Posted by: gdevi | January 10, 2015

The Thousand Names of Siva

This evening, I went to the Sivan temple and to my Subramanian’s temple to pray. I left around 5:30 to go to the Sivan temple; the idol looked so beautiful. I did a neeranjanam for everyone. It was so beautiful and peaceful to be there. Then from there I went to my Subramanian’s temple in the other direction. I have a special bond with Subramanian. Hindus have a concept called “ishta devata” — basically it refers to how we conceptualize and “see” God in our mind, since God has many forms — Subramanian is my ishta devata. I was just in time for the deeparadhana – worship with many many lamps — for Subramanian. It was so beautiful. I prayed for you, honey, and I prayed for everyone.

Both at the Siva temple and at Subramanian’s temple, I had gone to the devaswam office and given all the names for the archana, for the offerings. The way you do the archana is to give the name of the person and their star; Hindus always correctly identify and allocate the star that is the ascendent at the exact time of your birth. So birth time is very important for Hindus. It was funny at the Subramanian’s temple — I gave all the names and the stars for everyone, one after the other, and then I came to my nephew Shambhu’s name — so I said “Pinaki” and his star “Visakham.” The young man printing out the offering slip on the computer looked up at me and said doubtfully, “Pinaki”? “Pinaki” with a P? “Pinaki”? He asked me doubtfully three times. He had never heard the name Pinaki before, obviously. So I said, “Yes, Pinaki, with a P. It is another name for Siva. “Pinaka hastaya sanatanaya” – I told him the phrase from the hymn to Siva. He stared at me blankly. “Pinakam is the sacred bow held by Siva–thus Siva is known as Pinaki — he who holds Pinakam” — he stared at me even more blankly. Suddenly, an old man, another staff at the devaswam office walked over to the window and patted the young man on his shoulder, smiled and looked up at me and said, “these people don’t know the other names of Siva. They don’t know the thousand names of Siva.” Then that old man went to another old man working at a back table and told him as well, “He didn’t know Pinaki was the name of Siva.”  The two old men smiled at me empathetically. The young man clearly got embarrassed at this point; it must be another job for him to work at the temple office.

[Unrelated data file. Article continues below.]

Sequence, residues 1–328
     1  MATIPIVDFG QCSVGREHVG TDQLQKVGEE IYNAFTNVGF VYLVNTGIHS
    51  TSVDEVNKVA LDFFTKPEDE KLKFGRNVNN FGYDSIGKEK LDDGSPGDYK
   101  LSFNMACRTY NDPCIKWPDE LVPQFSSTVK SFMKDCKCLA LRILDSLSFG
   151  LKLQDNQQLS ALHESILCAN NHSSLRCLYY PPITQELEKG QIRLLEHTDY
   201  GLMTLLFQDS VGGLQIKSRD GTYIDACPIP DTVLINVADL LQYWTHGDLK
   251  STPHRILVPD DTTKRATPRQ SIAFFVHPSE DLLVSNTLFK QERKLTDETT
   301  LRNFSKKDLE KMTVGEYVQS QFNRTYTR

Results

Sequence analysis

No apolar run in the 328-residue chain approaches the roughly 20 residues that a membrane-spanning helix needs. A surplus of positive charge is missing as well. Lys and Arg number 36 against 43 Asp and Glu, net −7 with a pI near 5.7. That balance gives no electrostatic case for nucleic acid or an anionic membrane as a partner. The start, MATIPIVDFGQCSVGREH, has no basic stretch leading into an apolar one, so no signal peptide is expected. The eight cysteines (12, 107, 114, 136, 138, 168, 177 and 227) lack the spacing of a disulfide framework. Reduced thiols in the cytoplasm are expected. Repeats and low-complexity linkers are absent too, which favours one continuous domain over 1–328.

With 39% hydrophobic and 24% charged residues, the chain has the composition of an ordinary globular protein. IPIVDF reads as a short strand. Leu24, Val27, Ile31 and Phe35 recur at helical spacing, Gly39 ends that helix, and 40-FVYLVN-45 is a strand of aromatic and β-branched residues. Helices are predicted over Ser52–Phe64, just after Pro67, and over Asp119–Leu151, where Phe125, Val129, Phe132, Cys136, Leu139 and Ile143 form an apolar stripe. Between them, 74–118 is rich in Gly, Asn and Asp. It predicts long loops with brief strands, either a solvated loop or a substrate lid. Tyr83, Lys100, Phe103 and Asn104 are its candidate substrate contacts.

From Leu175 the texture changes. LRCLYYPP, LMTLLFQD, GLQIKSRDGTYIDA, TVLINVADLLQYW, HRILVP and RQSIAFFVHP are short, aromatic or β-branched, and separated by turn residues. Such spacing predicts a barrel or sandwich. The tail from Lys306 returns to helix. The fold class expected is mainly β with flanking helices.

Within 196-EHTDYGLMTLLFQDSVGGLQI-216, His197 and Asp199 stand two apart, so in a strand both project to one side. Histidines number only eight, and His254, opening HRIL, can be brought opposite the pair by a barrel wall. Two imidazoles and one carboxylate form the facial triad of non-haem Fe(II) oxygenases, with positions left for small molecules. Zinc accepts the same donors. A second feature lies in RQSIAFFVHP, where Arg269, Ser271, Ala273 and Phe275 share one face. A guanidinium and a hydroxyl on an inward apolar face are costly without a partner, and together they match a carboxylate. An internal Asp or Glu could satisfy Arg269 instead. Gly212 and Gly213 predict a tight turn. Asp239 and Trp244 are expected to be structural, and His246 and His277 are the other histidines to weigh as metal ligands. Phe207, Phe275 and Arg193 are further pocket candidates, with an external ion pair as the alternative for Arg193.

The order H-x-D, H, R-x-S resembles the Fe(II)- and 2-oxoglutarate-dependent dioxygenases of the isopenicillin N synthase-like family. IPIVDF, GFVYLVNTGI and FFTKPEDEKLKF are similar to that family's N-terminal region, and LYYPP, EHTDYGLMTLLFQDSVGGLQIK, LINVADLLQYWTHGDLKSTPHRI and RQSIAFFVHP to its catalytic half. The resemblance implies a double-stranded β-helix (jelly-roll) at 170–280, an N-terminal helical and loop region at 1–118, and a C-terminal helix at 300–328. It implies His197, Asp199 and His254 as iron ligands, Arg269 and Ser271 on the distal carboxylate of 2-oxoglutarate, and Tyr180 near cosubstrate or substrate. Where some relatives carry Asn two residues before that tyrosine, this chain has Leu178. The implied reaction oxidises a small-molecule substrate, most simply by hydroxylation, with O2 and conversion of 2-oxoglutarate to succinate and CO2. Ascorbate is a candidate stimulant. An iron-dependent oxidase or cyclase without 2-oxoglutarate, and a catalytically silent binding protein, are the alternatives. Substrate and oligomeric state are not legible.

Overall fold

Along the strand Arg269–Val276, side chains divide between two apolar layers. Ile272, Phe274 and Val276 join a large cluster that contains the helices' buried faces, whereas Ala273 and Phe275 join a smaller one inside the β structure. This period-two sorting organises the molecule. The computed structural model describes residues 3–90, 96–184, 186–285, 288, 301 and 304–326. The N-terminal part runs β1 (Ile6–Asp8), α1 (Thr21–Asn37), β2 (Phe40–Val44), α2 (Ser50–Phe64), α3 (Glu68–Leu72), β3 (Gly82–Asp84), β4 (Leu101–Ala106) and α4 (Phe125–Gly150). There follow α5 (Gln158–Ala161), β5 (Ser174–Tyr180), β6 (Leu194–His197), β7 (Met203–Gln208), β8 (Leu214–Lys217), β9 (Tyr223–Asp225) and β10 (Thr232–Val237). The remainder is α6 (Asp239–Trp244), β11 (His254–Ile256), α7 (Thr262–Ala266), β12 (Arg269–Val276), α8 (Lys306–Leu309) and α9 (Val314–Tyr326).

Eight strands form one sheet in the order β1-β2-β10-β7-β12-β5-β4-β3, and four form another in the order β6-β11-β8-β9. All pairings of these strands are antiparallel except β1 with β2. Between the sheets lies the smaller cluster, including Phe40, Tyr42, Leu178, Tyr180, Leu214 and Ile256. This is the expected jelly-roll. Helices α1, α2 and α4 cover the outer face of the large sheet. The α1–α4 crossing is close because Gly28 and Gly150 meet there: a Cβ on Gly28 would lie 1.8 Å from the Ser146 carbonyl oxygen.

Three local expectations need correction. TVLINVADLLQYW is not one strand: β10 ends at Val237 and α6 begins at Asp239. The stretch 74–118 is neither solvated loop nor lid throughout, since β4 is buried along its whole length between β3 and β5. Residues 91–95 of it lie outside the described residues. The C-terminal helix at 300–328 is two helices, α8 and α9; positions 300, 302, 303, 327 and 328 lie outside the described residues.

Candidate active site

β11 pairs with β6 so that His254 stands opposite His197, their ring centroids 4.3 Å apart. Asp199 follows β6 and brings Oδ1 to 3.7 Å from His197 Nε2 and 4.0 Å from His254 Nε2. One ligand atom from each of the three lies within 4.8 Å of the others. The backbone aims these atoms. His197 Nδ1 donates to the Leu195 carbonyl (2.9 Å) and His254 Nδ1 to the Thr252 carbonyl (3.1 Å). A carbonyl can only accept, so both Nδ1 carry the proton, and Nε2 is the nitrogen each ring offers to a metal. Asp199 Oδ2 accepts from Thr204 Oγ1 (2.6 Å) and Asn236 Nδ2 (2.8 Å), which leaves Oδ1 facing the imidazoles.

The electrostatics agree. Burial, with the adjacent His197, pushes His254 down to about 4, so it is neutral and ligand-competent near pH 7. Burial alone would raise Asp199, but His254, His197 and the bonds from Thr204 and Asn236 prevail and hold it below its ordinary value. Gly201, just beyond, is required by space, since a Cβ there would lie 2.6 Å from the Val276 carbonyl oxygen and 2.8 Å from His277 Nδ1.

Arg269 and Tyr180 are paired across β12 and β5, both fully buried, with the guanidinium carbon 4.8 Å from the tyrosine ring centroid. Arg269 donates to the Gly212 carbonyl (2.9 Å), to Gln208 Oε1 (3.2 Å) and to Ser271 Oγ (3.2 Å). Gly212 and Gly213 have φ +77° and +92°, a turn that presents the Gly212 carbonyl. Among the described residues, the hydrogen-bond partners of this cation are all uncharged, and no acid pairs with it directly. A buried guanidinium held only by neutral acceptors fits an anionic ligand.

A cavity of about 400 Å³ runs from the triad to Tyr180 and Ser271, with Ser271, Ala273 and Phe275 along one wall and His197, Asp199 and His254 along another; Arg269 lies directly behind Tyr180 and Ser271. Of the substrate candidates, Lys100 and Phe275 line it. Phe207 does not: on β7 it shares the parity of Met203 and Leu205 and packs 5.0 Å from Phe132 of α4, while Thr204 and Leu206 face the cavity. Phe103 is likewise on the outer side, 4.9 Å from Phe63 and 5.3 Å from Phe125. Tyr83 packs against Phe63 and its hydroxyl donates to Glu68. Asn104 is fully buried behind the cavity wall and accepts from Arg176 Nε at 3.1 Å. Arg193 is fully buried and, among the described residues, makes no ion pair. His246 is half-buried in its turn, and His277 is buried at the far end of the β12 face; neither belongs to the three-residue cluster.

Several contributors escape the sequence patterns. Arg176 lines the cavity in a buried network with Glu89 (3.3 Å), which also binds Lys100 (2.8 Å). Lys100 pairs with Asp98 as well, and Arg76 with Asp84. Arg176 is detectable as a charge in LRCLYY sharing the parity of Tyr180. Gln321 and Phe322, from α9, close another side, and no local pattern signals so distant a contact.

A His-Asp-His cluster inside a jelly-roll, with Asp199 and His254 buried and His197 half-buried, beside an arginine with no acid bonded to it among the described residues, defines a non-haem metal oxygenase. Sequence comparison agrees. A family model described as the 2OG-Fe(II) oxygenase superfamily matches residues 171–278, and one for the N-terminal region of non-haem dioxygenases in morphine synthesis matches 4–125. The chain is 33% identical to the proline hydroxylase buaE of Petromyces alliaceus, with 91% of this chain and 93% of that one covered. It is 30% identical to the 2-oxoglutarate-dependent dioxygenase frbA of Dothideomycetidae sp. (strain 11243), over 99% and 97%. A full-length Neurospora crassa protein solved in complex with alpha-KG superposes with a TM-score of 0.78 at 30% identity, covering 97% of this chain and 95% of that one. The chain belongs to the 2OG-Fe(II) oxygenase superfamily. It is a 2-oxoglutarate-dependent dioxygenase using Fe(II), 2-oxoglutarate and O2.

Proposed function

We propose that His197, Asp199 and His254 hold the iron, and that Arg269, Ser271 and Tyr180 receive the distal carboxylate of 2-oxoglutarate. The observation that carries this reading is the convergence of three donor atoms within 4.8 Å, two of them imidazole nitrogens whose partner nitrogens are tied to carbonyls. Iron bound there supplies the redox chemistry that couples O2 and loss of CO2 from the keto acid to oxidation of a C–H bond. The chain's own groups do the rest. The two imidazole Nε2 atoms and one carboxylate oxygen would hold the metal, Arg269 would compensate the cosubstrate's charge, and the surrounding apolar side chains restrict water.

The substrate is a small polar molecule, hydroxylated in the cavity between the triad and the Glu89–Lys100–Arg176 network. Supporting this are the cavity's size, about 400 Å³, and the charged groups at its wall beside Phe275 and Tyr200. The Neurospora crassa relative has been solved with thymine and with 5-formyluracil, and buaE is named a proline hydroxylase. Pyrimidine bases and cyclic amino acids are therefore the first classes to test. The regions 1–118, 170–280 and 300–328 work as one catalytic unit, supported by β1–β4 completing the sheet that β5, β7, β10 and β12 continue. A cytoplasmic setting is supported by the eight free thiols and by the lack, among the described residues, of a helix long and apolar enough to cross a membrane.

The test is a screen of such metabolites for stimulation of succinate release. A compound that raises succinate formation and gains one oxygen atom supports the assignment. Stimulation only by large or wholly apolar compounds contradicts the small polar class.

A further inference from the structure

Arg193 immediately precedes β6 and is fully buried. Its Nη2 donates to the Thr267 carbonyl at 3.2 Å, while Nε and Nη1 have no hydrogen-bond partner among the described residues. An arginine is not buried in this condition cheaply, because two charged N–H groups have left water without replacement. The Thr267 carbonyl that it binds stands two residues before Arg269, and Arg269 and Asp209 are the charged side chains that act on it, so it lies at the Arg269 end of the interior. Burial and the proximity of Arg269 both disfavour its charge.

I always feel so good after I visit my Subramanian’s temple. I prayed at Subramanian’s shrine, then Ganapati, then Dharma Sastha, then Naga. It was all so beautifully decorated. I will miss you, my dear temple.

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